As the company fleshes out the product portfolio, Hummel says the plan is to:
— Aggressively pursue new business, instead of just service the installed base.  At the end of fiscal 2011, which ended last September, orders were up 26 per cent, about half of the business coming from legacy customers while the rest was net new.
— Go after bigger transactions.  Typical deal sizes used to range from $100,000-$300,000, but the company has recently landed seven $1 million plus deals with new customers.  

— Showcase the company’s technology and services.  Hummel says the company’s managed service business is already a $1 billion line, “as big as most,” giving the company a firm foundation for emerging cloud business.
— Build a bigger and richer ecosystem of partners.  
Hummel says the company hangs its hat on advanced technology, but has a compelling cost advantage as well. In a recent $50 million win to modernize a large state network with 60,000 end points, Hummel says Siemens Enterprise came in 25 per cent less than what Microsoft bid.  Others vying for the contract included Cisco Systems Inc. and Avaya Inc.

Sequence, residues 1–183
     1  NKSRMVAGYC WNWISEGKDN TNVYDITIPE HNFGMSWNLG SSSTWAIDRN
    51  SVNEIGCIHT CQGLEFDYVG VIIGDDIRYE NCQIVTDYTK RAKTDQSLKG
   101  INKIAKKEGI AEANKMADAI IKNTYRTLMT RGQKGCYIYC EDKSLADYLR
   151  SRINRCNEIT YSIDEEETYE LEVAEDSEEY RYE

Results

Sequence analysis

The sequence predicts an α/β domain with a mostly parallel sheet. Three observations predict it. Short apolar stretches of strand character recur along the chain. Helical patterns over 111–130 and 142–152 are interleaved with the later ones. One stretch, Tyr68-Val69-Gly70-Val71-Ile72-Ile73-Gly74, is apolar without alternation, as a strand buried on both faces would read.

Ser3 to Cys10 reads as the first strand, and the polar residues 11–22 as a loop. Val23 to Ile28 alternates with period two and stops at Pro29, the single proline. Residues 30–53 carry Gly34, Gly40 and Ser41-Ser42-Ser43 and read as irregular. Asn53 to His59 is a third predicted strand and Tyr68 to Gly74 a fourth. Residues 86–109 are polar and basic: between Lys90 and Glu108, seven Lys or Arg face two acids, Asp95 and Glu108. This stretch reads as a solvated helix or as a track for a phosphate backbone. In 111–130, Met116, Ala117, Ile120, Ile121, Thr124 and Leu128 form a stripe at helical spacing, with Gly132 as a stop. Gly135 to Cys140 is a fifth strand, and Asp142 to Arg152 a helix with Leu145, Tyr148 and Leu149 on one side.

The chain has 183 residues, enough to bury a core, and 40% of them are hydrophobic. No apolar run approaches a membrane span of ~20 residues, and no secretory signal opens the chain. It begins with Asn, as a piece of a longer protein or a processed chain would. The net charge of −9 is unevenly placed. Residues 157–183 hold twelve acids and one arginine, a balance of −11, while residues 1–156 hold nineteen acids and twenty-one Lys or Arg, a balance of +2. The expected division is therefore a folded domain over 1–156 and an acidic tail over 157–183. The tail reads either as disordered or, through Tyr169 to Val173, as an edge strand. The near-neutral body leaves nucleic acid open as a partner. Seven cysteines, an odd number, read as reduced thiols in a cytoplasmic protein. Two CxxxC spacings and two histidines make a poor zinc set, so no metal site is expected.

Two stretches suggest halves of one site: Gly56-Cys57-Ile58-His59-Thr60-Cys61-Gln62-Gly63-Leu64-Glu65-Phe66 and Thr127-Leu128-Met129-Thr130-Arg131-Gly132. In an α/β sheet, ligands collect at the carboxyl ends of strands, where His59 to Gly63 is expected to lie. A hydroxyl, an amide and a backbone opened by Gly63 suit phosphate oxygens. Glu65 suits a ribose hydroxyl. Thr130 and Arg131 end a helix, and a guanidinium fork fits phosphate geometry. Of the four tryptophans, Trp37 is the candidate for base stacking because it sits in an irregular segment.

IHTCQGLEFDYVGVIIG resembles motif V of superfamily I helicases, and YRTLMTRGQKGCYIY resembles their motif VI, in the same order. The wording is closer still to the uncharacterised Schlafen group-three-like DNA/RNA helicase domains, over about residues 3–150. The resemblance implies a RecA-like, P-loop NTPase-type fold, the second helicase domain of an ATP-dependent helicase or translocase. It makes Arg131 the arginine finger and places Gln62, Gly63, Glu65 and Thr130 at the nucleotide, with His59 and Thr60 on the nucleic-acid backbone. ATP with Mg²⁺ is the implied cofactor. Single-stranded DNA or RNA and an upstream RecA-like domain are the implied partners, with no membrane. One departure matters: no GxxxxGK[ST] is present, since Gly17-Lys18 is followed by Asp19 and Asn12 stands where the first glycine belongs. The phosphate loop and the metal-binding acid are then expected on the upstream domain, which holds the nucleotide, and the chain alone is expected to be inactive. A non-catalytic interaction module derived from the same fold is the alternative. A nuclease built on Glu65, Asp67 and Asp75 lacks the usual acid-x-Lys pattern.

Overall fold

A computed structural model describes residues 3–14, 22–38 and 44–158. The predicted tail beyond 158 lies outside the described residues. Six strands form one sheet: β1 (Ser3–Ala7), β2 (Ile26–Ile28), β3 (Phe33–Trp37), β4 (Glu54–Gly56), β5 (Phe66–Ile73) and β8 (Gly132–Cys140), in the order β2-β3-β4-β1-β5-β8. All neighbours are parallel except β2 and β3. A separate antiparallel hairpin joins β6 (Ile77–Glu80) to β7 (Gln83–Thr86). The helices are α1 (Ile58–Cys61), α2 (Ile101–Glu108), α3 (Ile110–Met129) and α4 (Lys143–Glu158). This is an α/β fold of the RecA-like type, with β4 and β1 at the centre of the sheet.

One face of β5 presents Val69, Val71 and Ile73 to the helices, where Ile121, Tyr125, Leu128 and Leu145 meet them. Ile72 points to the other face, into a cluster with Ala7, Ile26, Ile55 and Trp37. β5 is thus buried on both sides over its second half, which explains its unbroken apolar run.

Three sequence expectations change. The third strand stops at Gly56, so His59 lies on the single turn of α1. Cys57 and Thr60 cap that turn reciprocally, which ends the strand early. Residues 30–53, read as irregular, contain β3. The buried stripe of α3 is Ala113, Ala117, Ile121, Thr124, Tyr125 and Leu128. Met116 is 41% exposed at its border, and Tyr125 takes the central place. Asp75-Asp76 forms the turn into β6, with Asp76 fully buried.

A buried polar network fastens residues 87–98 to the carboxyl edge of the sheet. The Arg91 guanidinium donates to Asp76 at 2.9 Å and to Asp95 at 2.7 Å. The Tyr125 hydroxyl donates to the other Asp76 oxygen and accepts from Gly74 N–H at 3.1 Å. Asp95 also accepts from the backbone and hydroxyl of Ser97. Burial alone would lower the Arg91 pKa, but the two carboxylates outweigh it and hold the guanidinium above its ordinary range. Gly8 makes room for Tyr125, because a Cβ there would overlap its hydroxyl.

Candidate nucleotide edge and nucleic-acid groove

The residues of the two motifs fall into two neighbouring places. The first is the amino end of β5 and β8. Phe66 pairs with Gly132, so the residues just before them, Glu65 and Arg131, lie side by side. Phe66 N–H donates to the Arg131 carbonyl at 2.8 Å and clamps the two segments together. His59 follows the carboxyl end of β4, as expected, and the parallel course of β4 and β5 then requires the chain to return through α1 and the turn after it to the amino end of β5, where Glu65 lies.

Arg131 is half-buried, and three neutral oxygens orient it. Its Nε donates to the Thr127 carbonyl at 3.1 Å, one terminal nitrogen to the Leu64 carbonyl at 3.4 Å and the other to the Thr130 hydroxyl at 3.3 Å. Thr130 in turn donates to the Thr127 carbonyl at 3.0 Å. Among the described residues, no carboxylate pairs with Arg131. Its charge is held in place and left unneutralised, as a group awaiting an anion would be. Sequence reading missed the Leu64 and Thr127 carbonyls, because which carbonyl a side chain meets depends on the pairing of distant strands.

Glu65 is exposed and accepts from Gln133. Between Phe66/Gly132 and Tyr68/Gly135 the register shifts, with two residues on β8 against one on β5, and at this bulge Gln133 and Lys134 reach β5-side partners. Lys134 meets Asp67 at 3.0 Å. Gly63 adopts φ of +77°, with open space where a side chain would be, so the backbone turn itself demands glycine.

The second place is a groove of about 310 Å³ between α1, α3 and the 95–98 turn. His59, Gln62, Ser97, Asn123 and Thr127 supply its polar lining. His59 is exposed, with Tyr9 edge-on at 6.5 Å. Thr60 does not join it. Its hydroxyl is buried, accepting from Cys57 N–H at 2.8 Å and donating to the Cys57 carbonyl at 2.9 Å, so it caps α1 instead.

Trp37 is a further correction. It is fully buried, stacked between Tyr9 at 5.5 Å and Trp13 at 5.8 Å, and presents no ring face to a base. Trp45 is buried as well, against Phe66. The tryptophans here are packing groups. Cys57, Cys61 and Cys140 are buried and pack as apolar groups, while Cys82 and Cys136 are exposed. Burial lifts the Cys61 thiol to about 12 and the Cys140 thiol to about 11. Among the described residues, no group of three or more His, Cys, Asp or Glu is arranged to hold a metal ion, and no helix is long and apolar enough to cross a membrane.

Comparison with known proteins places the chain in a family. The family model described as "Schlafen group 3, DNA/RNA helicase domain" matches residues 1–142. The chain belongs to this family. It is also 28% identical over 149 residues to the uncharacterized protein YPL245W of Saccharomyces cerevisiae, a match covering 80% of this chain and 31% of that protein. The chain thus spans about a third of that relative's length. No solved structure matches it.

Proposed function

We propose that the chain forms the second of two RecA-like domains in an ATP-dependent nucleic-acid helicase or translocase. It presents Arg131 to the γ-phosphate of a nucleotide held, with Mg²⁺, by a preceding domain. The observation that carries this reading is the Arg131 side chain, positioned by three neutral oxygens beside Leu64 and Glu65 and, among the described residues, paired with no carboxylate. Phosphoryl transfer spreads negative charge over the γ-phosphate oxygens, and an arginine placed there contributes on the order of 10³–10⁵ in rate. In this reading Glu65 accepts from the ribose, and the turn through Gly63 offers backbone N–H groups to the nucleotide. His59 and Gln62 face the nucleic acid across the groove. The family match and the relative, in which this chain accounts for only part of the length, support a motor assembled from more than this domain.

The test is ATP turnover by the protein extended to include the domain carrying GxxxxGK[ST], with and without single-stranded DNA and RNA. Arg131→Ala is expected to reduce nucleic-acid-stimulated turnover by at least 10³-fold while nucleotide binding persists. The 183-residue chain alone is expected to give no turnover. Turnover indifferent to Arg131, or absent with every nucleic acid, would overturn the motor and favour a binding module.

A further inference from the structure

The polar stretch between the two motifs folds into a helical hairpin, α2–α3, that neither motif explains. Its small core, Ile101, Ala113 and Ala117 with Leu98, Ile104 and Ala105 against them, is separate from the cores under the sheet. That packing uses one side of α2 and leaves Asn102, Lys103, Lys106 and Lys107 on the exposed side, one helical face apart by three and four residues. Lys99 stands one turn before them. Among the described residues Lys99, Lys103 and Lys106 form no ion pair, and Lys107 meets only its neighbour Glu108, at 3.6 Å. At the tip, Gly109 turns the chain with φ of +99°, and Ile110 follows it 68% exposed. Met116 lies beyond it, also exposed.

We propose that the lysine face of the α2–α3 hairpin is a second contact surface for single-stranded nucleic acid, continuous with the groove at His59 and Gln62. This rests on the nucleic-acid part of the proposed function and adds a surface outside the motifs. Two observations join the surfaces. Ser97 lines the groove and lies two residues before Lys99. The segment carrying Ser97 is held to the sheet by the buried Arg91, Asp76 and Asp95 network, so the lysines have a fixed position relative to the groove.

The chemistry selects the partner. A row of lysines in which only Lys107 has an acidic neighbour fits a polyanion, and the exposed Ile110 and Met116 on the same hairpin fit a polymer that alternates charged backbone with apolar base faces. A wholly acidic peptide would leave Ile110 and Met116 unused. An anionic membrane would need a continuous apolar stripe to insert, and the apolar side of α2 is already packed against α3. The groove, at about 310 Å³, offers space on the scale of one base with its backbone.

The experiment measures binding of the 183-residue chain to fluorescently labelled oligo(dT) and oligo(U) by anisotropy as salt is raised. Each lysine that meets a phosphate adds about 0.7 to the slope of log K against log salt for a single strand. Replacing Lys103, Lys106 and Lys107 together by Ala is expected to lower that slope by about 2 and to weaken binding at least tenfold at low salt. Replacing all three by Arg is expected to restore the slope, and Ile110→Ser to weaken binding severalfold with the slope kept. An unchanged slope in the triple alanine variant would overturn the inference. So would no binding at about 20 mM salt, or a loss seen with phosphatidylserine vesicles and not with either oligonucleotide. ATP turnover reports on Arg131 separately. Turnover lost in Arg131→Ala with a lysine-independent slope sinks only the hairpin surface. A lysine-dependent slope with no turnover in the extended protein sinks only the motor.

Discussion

While this is an impressive win over the biggest names in the business, it is going to be hard for Siemens Enterprise to compete with these industry powerhouses, says Zeus Kerravala, the founder and principal analyst of ZK Research.   “This is home turf for Avaya and Cisco, Microsoft is coming on strong, and Huawei will be making a big push.  It will be hard for Siemens to grab share.”

Siemens’ tech is up to snuff, Kerravala says, but one thing that worries potential customers is the fact that they are now private and it is hard to ascertain their financial health.  Their best bet is in vertical markets that are driven by RFPs, like the state business noted above.


The capacity gain in Version 7 of OpenScape UC – which will be available in June —  is achieved by increasing the number of lines each system cluster can support from 15,000 to 40,000, says Rick Puskar, Siemens’ senior vice-president of global portfolio management.

And all system components can be virtual, he says, making it easy for the company to accommodate the customer’s delivery mode of choice, whether on premise, hosted in the cloud or a hybrid model straddling the two.  VMware is the company’s virtual environment of choice.